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Calls for Human Rights Commission to probe Aus swimmer's allegations

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Canberra, June 26 (IANS) Swimming Australia (SA) has said it is “deeply concerned” over allegations of abuse and mistreatment within the sport.

Nine Entertainment newspaper reported on Friday that six former swimmers have come forward with complaints of mistreatment in the SA system, reports Xinhua.

In response, the governing body said on Saturday that it had not received any details of the allegations but that it was “deeply concerned” by the reports.

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“Swimming Australia is committed to creating a safe swimming environment for the entire swimming community; with a zero-tolerance approach to any behaviour that threatens this,” it said in a statement to the Australian Broadcasting Corporation (ABC).

“Swimming Australia is deeply concerned and understands these are grave claims.”

This comes after a meeting between senior SA officials and swimmer Maddie Groves on Friday.

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Groves earlier in June withdrew from Australia’s Olympic swimming trials after accusing “misogynistic perverts” in the sport of exploiting “young women and girls”.

Her explosive allegations caused SA to establish an all-female independent panel to review the sport’s culture.

On Friday, SA said that the meeting between Groves, president Kieren Perkins and chief executive Alex Baumann was “productive”.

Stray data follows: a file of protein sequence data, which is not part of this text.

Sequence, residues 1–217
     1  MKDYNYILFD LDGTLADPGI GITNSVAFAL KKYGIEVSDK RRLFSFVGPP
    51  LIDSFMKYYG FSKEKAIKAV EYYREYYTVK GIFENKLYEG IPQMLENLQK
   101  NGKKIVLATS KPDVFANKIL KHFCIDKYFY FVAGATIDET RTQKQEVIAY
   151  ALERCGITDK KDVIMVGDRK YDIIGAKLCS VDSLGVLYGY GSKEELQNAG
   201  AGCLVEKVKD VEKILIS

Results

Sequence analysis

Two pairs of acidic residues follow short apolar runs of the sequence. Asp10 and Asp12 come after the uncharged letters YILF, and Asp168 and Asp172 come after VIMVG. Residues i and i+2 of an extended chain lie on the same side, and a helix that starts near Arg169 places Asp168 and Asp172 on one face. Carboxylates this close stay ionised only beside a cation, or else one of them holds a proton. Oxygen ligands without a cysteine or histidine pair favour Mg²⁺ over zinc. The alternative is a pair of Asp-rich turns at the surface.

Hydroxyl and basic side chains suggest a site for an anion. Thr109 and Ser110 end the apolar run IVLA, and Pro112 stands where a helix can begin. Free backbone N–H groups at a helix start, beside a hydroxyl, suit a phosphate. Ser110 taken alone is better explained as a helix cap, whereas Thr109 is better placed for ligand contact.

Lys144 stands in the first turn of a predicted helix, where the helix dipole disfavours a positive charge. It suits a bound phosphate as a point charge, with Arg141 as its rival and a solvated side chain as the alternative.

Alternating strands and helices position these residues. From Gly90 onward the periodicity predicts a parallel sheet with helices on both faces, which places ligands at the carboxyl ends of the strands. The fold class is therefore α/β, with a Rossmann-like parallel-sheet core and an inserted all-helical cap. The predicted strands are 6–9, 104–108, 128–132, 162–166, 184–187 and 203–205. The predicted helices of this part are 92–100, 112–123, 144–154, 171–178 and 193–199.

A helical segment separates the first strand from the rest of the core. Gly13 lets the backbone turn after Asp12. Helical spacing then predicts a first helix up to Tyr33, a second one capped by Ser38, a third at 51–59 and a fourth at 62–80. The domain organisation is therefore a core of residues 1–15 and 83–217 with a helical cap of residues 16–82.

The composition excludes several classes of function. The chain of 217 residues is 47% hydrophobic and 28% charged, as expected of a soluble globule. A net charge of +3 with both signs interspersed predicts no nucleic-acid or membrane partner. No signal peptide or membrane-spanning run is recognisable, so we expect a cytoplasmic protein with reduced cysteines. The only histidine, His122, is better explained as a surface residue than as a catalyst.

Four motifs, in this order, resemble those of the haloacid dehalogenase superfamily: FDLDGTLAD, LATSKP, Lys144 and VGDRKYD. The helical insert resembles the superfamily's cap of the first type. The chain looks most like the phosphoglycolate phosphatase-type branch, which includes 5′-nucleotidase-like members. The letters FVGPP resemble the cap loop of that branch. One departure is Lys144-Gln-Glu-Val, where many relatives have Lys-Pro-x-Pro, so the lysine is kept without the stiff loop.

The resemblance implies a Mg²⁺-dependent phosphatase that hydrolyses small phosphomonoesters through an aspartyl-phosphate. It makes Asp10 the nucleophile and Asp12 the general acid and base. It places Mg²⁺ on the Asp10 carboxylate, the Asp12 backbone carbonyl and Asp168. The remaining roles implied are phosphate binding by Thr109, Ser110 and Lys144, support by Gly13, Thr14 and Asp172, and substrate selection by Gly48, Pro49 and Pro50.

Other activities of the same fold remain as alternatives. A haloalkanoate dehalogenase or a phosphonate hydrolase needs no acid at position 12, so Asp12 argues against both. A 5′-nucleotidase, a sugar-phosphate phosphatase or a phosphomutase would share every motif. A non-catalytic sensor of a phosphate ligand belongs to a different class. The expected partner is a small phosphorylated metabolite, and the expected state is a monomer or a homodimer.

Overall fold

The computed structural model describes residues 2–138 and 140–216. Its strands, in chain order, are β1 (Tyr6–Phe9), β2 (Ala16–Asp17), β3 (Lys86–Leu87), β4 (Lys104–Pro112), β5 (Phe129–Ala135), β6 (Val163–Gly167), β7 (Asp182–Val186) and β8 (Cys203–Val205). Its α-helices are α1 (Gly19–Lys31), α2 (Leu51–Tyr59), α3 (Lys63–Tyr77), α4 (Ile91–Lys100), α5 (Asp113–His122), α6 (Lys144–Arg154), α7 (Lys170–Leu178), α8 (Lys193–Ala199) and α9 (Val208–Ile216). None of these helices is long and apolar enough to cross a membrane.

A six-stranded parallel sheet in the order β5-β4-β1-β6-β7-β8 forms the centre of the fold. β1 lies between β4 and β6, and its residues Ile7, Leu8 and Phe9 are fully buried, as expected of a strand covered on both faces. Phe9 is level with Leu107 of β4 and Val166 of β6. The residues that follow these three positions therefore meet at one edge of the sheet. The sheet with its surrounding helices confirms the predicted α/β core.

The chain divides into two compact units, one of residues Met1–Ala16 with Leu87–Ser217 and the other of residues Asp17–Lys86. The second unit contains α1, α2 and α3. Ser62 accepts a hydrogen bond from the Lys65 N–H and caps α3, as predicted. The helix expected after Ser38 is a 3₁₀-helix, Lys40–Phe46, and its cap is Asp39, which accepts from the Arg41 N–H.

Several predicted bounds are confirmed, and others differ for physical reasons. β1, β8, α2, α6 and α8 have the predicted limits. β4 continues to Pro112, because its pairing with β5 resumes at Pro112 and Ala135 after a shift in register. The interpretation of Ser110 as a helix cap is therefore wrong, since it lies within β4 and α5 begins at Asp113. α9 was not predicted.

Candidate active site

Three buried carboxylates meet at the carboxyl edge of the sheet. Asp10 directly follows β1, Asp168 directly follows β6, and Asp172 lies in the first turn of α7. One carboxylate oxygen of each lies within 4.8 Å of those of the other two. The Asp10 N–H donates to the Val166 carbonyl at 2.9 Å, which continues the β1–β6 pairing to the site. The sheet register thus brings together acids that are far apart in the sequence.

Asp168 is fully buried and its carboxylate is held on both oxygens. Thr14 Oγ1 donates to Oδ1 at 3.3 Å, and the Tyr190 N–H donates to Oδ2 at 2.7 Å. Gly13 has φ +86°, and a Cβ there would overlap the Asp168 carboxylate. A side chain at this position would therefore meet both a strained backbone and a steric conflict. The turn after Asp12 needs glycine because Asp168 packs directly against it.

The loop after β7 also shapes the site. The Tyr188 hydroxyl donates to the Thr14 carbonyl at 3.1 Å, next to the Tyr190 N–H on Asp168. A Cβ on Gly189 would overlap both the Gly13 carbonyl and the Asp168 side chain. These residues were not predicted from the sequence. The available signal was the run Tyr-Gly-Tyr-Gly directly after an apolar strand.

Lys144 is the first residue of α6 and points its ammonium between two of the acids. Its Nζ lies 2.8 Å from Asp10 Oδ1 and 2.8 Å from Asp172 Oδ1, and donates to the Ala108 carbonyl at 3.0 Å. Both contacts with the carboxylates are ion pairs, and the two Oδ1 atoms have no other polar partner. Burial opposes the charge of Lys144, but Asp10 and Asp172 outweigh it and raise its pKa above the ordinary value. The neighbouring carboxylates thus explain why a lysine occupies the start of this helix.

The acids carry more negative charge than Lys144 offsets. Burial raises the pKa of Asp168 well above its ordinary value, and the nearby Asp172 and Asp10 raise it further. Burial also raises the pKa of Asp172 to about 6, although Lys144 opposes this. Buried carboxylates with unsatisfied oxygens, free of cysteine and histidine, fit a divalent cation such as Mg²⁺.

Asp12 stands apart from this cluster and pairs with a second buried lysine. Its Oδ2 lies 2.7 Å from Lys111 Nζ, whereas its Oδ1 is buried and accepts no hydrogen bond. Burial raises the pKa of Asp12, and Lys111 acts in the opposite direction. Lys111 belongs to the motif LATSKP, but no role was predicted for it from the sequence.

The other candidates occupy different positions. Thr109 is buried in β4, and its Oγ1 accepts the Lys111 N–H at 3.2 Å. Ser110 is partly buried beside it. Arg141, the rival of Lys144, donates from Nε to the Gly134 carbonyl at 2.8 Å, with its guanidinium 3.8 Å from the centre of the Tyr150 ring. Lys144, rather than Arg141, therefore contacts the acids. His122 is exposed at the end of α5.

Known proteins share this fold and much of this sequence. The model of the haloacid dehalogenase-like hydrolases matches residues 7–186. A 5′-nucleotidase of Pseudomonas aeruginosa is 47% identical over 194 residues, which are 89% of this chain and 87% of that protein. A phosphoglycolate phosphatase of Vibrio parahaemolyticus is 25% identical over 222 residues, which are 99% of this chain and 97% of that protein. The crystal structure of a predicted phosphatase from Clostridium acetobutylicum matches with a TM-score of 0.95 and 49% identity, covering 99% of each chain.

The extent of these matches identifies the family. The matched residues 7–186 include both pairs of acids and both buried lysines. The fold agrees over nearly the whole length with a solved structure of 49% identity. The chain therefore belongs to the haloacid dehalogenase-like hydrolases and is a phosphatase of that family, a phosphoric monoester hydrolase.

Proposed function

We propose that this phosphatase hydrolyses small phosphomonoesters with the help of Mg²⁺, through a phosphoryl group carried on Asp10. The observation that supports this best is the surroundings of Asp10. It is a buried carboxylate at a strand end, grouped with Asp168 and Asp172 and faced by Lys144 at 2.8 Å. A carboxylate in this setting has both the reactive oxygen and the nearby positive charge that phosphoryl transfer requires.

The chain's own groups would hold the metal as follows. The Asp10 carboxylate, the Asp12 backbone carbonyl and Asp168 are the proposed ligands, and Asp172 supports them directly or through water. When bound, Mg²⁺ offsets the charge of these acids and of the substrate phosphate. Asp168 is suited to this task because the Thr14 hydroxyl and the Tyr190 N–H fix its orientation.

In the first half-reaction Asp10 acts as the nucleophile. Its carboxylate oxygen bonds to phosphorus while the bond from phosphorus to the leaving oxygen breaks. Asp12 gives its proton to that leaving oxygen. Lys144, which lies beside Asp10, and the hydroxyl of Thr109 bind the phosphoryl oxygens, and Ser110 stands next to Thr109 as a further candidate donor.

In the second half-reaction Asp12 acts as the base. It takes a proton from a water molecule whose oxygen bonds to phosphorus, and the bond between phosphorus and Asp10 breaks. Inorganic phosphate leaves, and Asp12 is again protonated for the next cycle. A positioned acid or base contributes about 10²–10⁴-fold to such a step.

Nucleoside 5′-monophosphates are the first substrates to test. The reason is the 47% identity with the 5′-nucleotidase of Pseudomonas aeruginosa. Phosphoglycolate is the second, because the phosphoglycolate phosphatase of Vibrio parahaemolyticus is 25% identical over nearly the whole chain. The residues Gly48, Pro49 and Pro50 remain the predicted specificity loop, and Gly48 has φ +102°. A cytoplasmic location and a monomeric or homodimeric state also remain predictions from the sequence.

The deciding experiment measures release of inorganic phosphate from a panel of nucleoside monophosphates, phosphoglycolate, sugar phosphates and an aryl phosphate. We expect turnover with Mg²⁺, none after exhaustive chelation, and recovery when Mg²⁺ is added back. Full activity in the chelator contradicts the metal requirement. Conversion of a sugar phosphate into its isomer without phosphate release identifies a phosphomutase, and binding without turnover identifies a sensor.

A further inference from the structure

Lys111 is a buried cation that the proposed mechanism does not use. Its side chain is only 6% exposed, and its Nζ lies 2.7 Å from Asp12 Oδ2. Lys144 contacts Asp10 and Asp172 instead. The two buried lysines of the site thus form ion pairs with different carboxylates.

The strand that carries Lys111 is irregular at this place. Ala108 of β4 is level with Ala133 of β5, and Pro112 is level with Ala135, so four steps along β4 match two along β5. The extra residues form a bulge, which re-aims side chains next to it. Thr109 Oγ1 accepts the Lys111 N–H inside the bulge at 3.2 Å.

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“Our aim today was to understand the concerns raised and today’s meeting was productive,” it said in a statement.

However, lawyer Adair Donaldson — who is currently leading legal action against Gymnastics Australia on behalf of former gymnasts — called for the Human Rights Commission to investigate SA.

“The time has passed for Swimming Australia to control this process…The Human Rights Commission needs to step in,” he was quoted by The Australian.

“I have been in communication with both current swimmers, coaches, parents, and I am alarmed enough to say, based on my previous experience with other sports like gymnastics, that SA should step aside and allow an independent review either by Sports Integrity Australia or the Human Rights Commission.

“I do not believe that Swimming Australia has the athletes’ best interests at heart and it seems based on their response to date they are more concerned about protecting the reputation of the institution.”

–IANS

akm/kh

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